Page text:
As a medieval scholar who has dealt with editing manuscript texts, I was disappointed by Edwards' lack of clear commentary about how his edition differs from the other three recent editions of Hartmann's Erec, those by Manfred Günter Scholz (2004),  Kurt Gärtner (2006), and Volker Mertens (2008),  or even why yet another new edition was necessary. Mertens, for example, provides far more details about how his editing practices differ from those of Gärtner and Scholz (580-5), and whether one agrees or disagrees with him, he provides a rationale for why he edits differently than they do and thereby justifies why he created another edition of the text in addition to a new modern German translation of it. Likewise, Gärtner includes an even more extant and more philological explanation of his editing principles (xxiii-xliii). Edwards includes a short overview of how Erec has been edited (xiv-xv) and therein mentions the Scholz, Mertens, and Gärtner editions, but he focuses more on what he has in common with them, namely that they "have all tried to edge away from the dubious idea that the first Arthurian romance in Middle High German might have been written in a 'classical' Middle High German language" (xv). This is an admirable decision and follows slowly emerging trends of editing Middle High German texts, but none of them fully break away either from creating a "reconstruction" (xiv)--as Edwards correctly describes the first Erec edition by Moritz Haupt (1839) --as these four modern editors themselves attempt to reconstruct a version of Hartmann's original Erec out of surviving manuscripts.  The transmission of Erec is unusual and complicated by the fact that only a few fragments of the story have survived from the second quarter of the thirteenth century (the Koblenz-fragment: Koblenz, Landshauptarchiv, Best. 701 Nr. 759, 14b) and from the middle of the thirteenth century (the Wolfenbüttler-fragments: Wolfenbüttel, fragments from Cod. Guelf 19.26.9 Aug 40) while the only extant text of the narrative survived in a sixteenth-century manuscript, the Ambraser Heldenbuch. Out of necessity, all editions have to use the text of the Ambraser Heldenbuch as their Leithandschrift, but there has been recent scholarly debate on how to deal with the fragments that contain text that is dated closest to Hartmann's composition of Erec. Gärtner gave them greater importance in his edition and Edwards follows his lead in "giving them priority over A [the Ambraser Heldenbuch, EM] on many occasions" (xv). Yet not consistently so, for when "lines in W [the Wolfenbüttler fragments, EM][...]are clearly overlong, and occasionally rhymes are lacking" (xv), Edwards gives the text of Ms. A [the Ambraser Heldenbuch, EM] priority. It seems that Edwards gives preference to the earlier text, the Wolfenbüttler fragments, and with good reason, because their text is deemed more authentic on account of its proximity in date to the author's composition of the text. When modern assumptions about line length and rhymes do not match up against this otherwise deemed "more authentic" text, however, Edwards does not follow it and instead turns to the later text that does support these modern assumptions about the form of medieval narratives in rhymed couplets. Thus his edited text also is a hybrid reconstruction, just as those of nineteenth-century scholars trained in classical philology were, despite the fact that Edwards moved away from the assumptions of that earlier scholarship that there was a standard Middle High German language that used uniform orthography, grammar and syntax, as well as lines with consistent syllable count and perfect rhymes. Edwards' reconstructions are based on creating a composite text that mostly follows the text of the Ambraser Heldenbuch because it is the only surviving manuscript copy with extant text of Erec, but also works in the text as found in the much earlier surviving fragments. Very much to his credit, Edwards does mark it clearly in the margins of his edited text, when he uses the text of the Wolfenbüttler fragments, especially when it is that text which supplies a section of the narrative that was omitted in the text of the Ambraser Heldenbuch (240-60, even pages only).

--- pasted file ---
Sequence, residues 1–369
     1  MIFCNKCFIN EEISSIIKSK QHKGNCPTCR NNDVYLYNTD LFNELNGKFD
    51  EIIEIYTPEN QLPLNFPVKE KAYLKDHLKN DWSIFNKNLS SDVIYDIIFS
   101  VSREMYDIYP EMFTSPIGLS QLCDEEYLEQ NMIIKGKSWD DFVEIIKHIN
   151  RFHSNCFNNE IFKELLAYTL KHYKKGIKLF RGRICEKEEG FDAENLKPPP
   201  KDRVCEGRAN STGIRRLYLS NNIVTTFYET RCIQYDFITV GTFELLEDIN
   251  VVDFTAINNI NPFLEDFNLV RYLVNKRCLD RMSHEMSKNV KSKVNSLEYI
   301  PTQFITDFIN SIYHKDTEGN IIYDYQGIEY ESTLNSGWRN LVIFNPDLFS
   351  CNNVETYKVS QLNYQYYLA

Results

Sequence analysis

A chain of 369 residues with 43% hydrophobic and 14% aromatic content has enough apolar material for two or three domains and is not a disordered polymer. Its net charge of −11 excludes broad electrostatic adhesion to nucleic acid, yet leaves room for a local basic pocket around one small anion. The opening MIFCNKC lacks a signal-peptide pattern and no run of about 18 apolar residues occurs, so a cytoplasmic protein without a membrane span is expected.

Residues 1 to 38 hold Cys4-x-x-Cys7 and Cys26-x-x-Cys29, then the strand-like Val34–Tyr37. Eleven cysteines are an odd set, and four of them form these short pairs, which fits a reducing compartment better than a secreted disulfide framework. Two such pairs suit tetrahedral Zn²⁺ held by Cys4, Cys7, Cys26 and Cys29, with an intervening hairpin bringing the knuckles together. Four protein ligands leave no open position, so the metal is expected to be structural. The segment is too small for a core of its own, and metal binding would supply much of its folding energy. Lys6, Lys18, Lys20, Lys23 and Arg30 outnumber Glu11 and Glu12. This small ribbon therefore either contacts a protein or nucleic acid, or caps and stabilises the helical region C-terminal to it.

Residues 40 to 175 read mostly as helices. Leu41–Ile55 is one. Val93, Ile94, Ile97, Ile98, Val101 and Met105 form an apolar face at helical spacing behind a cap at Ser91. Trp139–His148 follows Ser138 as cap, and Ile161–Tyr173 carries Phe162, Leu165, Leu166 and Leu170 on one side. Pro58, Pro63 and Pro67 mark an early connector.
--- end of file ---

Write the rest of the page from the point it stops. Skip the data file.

As other editors have done before him, Edwards reconstructs the text by rewriting the language found in the Ambraser Heldenbuch from the sixteenth century and adapting it back to a form of thirteenth-century Middle High German assumed to have been used by Hartmann. I do, however, applaud Edwards for his decision to use in this edition "the Koblenz fragment and Iwein B (Gießen, Universitätsbibliothek, Codex 97) [...] as the main guides to orthography and vocabulary, as both date from the second quarter of the thirteenth century" (xv) instead of the standardized form of Middle High German constructed by nineteenth-century philologists. He thus bases his linguistically adapted text on authentic language used in close proximity to the time of original composition. This is a significant difference to the editions of Mertens and Gärtner, who likewise attempt to recreate a text that would correspond to the phonology, grammar and vocabulary of the thirteenth century. Despite this goal, Gärtner and Mertens make many adjustments in the language towards a classical Middle High German (see, for example, a very long list of such editorial interventions in Mertens 582ff, and Gärtner xxviii-xxxii) and do not follow the language provided in an actual thirteenth-century manuscript containing one of Hartmann's narratives as Edwards does here. Breaking away from the notion of a standardized or classical Middle High German in favor of following the language found in manuscripts with minimal emendations is an important, and long overdue move in editing vernacular medieval texts and in that way, Edwards boldly goes where few have gone before. In the section "Principles of this Edition" (xv-xvii), Edwards provides a detailed account of how he reversed the modernizing of language applied by Hans Ried, the scribe of the Ambraser Heldenbuch, that were appropriate for this sixteenth-century text and audience, but which is inconsistent with thirteenth-century Middle High German. Since Edwards rewrites the text to an earlier linguistic state of German and bases it on the language found in the Koblenz fragment and Iwein B, they are far less intrusive than those made by earlier editors based on assumptions of purity of syllable count and rhymes, and a standardized language and grammar.